Google Doodle celebrates Steve Irwin, the original Crocodile Hunter


The original Crocodile Hunter Steve Irwin is celebrated by Google. 


Crikey! Google is covered in crocs!

The search engine was decked out with fangs and claws and scales on Friday for a Google Doodle celebrating legendary Australian outdoorsman and the original Crocodile Hunter himself, Steve Irwin.

Launched on Feb. 22 on what would have been Irwin’s 57th birthday (which is also, incidentally, this year’s National Wildlife Day), Google’s latest Google Doodle shows an animated Steve Irwin in his element — exploring the great outdoors, feeding crocs and even kissing a snake. But perhaps the most heart-warming of all are the illustrations of Steve with his wife Terri and kids Bindi and Robert. 

The Google Doodle comes almost 13 years after Irwin died suddenly in September 2006, when a barb from a stingray pierced his heart while he was shooting a documentary off the coast of Australia. While the shocking news made headlines around the world, Irwin’s family have continued his life’s work promoting wildlife conservation.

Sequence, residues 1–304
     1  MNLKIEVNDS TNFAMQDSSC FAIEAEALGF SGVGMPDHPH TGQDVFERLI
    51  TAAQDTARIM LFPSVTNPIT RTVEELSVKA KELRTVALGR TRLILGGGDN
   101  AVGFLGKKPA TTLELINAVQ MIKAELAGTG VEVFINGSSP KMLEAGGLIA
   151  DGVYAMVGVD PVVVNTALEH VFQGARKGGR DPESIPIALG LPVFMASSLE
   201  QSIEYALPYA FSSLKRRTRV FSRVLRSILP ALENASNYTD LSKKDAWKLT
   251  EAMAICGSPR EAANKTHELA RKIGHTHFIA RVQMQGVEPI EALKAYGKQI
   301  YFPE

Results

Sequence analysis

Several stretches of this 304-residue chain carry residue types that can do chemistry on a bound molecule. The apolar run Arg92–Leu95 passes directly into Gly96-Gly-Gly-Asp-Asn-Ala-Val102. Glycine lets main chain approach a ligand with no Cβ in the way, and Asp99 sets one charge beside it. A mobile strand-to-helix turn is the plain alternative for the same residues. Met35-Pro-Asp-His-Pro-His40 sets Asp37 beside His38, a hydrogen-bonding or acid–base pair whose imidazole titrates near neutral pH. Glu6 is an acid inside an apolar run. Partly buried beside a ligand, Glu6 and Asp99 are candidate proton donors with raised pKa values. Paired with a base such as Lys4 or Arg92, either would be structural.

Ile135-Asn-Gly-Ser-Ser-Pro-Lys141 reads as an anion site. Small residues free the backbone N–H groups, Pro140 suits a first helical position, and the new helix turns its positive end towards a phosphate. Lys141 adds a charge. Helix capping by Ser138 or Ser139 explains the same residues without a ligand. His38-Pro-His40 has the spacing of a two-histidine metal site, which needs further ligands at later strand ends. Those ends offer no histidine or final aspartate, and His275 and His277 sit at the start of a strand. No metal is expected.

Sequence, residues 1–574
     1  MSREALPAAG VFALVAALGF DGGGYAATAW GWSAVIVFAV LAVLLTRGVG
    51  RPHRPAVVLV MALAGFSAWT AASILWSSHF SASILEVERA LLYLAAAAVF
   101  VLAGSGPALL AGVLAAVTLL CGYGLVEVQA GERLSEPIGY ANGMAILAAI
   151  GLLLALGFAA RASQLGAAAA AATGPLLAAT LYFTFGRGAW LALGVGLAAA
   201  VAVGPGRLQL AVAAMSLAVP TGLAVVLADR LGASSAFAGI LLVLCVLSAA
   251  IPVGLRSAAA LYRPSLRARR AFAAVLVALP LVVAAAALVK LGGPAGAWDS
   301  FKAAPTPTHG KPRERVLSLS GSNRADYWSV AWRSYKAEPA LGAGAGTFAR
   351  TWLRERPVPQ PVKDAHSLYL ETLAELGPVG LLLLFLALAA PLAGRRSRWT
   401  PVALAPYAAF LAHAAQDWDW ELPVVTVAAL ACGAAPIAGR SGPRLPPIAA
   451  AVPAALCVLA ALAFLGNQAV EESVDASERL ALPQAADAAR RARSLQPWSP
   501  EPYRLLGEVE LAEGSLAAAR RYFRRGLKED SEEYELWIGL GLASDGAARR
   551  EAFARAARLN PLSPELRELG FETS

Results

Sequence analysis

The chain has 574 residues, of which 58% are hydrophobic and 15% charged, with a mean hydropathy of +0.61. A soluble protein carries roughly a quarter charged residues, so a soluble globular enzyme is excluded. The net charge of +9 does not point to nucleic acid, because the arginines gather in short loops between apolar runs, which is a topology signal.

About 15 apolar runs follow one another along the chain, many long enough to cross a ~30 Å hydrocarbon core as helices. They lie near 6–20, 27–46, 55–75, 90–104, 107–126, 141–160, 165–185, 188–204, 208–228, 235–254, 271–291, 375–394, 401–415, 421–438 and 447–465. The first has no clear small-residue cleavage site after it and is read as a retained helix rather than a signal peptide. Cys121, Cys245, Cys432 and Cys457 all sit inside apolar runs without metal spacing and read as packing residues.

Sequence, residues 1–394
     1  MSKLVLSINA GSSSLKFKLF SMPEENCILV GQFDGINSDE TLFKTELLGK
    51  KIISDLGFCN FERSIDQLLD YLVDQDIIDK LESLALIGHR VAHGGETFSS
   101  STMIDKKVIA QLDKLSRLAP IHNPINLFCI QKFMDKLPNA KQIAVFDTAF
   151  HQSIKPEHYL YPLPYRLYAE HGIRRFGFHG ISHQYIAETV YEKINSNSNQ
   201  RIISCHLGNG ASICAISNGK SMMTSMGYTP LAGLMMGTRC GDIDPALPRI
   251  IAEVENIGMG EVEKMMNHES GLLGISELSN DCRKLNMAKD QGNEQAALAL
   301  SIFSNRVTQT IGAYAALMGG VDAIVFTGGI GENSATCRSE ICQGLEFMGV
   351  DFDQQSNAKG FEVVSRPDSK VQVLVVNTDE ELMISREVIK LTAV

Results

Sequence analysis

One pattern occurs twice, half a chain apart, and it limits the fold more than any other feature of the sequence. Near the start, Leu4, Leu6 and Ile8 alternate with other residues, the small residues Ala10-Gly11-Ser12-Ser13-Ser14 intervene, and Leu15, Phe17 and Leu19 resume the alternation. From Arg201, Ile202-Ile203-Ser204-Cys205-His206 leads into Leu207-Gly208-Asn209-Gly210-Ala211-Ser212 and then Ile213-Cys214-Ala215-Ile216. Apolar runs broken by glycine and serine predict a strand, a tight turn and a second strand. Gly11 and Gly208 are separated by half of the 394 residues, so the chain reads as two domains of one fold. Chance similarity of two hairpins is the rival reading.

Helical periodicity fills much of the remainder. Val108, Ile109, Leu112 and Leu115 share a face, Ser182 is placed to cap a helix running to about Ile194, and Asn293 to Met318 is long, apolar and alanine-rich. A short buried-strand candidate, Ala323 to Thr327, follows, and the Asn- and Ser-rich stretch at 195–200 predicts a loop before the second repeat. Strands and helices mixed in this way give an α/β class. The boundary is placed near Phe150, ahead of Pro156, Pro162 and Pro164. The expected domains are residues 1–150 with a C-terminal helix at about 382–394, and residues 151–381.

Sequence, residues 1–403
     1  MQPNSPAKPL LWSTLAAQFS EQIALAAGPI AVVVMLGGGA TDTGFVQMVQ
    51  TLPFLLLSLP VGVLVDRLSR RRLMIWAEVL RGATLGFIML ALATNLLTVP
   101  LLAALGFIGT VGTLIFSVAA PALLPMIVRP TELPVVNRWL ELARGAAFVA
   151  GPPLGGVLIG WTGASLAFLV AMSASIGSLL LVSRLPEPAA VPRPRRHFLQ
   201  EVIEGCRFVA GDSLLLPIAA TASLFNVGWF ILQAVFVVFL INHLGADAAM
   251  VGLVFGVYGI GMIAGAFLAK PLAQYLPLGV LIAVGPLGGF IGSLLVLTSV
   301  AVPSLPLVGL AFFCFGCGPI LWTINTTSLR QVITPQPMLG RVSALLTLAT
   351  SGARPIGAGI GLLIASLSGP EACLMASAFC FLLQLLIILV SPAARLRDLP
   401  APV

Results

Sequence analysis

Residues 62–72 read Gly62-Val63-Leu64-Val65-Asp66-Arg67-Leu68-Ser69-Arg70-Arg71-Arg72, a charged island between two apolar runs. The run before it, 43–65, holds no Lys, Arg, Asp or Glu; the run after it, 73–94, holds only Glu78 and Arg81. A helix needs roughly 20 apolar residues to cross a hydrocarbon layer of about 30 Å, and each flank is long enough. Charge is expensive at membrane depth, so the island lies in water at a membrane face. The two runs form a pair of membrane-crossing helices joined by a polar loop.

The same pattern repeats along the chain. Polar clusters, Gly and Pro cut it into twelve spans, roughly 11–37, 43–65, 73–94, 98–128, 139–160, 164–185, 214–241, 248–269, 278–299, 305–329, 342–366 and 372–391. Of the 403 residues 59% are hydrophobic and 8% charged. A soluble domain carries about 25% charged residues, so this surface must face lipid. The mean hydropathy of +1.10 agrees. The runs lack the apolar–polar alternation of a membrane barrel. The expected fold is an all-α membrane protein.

Steve Irwin in his element. 

Source: Google

“Losing Steve was a real crossroads for us, but together we decided to continue his mission. Bindi, Robert and I have dedicated our lives to the wildlife conservation work that Steve began,” said Terri Irwin. 

“Today’s Google Doodle acknowledges the life and achievements of my husband Steve Irwin, whose efforts to protect wildlife and wild places have been recognised as the most extensive of any conservationist. We are so proud that his legacy lives on, as that was his greatest wish. He once said, ‘I don’t care if I’m remembered, as long as my message is remembered.'”

To tie in with the animation, Google has also released a trends page to show the global interest and search terms people use around wildlife. There’s also a new Easter egg on Google Assistant — just say “Hey Google, crikey” and the assistant will give you facts about Steve Irwin and his work. 

While Steve Irwin might not make it on to Australia’s $100 note, it’s a fitting way to remember an Aussie hero.